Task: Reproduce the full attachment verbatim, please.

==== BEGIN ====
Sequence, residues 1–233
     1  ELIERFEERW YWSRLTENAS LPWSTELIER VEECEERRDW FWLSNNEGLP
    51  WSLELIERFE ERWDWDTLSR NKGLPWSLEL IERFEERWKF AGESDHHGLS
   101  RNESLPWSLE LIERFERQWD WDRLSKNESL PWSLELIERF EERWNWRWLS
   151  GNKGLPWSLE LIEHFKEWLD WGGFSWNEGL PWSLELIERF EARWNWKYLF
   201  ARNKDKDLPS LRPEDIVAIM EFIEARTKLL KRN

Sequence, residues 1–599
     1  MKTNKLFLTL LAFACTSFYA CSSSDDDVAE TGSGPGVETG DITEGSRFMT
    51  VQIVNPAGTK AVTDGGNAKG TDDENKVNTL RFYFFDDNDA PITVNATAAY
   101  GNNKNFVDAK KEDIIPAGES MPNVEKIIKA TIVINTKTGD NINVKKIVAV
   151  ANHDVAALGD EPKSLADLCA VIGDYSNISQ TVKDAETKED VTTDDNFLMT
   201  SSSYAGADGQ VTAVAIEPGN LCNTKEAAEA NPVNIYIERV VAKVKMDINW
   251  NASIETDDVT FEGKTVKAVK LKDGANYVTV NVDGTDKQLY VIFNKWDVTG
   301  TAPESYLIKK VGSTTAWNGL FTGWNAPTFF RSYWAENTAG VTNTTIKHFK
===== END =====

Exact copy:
Sequence, residues 1–233
     1  ELIERFEERW YWSRLTENAS LPWSTELIER VEECEERRDW FWLSNNEGLP
    51  WSLELIERFE ERWDWDTLSR NKGLPWSLEL IERFEERWKF AGESDHHGLS
   101  RNESLPWSLE LIERFERQWD WDRLSKNESL PWSLELIERF EERWNWRWLS
   151  GNKGLPWSLE LIEHFKEWLD WGGFSWNEGL PWSLELIERF EARWNWKYLF
   201  ARNKDKDLPS LRPEDIVAIM EFIEARTKLL KRN

Sequence, residues 1–599
     1  MKTNKLFLTL LAFACTSFYA CSSSDDDVAE TGSGPGVETG DITEGSRFMT
    51  VQIVNPAGTK AVTDGGNAKG TDDENKVNTL RFYFFDDNDA PITVNATAAY
   101  GNNKNFVDAK KEDIIPAGES MPNVEKIIKA TIVINTKTGD NINVKKIVAV
   151  ANHDVAALGD EPKSLADLCA VIGDYSNISQ TVKDAETKED VTTDDNFLMT
   201  SSSYAGADGQ VTAVAIEPGN LCNTKEAAEA NPVNIYIERV VAKVKMDINW
   251  NASIETDDVT FEGKTVKAVK LKDGANYVTV NVDGTDKQLY VIFNKWDVTG
   301  TAPESYLIKK VGSTTAWNGL FTGWNAPTFF RSYWAENTAG VTNTTIKHFK